Thailand will soon hold its first election since the military seized power in a 2014 coup and many hope the vote will return Southeast Asia’s second-largest economy to democracy. The government lifted a ban on political activity when it announced the Feb. 24 election last week, but critics say the junta has taken several steps to remain in power after the vote, casting doubt on how credible the poll will be. “We have seen a systematic manipulation and distortion of the electoral process, of the will of the people, starting from the constitution,” said Thitinan Pongsudhirak, a political analyst at Chulalongkorn University, referring to the military-drafted constitution that was publicly ratified in 2016, two years after the coup.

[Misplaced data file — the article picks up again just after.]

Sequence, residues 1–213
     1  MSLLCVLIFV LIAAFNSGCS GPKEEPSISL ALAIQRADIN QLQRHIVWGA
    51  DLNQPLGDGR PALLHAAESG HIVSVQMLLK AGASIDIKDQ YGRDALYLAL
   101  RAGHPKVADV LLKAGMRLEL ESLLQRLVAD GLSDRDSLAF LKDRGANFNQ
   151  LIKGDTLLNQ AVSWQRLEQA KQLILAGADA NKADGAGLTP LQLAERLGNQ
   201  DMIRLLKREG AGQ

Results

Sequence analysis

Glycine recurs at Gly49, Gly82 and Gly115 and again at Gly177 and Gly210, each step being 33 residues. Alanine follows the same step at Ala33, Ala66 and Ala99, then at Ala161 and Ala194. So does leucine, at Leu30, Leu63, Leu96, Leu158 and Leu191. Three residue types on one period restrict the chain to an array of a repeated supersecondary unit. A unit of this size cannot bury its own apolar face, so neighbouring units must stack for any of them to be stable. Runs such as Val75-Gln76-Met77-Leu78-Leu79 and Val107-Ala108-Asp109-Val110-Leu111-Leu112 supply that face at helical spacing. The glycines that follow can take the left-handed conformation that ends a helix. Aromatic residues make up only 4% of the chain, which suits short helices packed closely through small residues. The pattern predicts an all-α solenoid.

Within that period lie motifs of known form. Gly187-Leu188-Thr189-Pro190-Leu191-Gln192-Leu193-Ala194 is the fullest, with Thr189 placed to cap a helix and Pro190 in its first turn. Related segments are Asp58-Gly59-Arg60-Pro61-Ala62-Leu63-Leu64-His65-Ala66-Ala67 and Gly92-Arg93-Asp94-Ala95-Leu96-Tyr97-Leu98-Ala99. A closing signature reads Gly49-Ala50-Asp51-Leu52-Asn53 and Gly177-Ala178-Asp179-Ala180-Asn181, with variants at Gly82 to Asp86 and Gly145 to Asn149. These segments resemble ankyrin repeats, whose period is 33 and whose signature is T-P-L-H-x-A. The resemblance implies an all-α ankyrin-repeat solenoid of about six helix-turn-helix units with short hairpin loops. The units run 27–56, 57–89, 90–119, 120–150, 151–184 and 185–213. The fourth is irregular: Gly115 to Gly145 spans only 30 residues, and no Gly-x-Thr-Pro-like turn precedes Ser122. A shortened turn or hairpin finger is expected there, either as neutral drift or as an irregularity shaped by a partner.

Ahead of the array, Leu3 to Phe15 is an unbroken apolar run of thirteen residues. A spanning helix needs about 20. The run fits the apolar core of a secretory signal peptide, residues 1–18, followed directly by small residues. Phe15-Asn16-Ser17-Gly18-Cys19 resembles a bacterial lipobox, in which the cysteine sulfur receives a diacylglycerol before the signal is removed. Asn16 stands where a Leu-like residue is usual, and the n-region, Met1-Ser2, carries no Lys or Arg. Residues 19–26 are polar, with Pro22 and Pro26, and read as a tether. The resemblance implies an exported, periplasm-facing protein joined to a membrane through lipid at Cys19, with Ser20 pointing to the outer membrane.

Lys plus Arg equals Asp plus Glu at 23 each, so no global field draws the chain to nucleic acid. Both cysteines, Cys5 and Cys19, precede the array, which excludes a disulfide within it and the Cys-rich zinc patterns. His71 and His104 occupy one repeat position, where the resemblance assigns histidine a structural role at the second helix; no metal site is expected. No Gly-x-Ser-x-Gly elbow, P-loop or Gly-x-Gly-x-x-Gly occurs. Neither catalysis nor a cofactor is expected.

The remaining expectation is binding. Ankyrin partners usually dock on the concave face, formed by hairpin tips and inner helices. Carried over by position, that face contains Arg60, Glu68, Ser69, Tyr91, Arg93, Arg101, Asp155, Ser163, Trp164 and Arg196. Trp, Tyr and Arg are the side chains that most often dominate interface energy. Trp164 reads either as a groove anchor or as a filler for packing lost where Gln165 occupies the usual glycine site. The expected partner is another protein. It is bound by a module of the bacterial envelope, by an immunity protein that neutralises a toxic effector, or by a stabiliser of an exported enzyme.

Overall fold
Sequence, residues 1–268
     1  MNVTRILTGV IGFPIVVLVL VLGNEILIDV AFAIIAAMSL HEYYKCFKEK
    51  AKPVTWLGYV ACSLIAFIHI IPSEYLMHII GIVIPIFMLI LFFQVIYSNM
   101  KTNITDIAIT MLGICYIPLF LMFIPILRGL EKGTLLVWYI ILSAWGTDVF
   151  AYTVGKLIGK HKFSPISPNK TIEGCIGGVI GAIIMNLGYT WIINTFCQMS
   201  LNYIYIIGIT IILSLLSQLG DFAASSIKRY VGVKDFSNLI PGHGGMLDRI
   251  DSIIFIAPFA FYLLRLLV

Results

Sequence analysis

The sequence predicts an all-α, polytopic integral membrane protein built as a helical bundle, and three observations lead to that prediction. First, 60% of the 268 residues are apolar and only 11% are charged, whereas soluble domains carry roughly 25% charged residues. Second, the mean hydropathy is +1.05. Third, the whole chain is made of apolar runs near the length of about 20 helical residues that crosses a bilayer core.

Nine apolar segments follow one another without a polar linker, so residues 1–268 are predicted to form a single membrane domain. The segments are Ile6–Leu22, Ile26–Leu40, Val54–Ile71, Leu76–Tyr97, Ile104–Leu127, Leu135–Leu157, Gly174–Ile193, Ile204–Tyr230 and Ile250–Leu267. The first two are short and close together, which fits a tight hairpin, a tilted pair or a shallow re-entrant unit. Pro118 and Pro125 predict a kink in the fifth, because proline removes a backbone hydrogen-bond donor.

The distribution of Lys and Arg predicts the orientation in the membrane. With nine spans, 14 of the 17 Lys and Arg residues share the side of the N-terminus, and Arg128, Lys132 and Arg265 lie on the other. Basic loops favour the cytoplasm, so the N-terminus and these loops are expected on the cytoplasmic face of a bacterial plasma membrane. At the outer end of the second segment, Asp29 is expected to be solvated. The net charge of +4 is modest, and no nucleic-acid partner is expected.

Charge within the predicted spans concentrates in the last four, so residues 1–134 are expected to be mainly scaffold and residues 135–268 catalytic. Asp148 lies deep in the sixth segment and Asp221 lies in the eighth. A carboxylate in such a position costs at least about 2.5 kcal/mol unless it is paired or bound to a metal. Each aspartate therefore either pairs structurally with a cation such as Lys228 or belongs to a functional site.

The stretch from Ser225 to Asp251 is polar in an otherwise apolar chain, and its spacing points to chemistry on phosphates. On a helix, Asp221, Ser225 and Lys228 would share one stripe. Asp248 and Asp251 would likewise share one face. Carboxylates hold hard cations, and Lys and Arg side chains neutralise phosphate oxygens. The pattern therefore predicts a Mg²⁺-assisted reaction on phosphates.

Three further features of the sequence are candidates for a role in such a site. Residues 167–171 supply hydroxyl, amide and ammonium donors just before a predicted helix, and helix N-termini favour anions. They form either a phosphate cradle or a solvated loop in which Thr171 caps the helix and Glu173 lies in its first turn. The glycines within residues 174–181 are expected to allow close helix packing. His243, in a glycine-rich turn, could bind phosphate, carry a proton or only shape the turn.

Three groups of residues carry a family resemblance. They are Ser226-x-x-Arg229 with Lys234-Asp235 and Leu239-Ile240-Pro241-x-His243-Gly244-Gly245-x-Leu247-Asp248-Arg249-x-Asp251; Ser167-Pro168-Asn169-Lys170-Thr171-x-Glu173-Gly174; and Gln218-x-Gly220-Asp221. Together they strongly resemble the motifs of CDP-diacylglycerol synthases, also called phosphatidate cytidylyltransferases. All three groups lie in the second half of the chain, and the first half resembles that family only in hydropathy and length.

“The reason this (election) has a crooked feel more than others is because it pretends to be democratic, clean and fair when it is completely rigged,” Thitinan said.
The military government has denied accusations it has been engineering a path to prolong its stay in power.
“If the government wants to extend its power beyond this point then what would be the point of holding an election? This is the roadmap that we have promised to the people,” said government spokesman Puttipong Punnakan.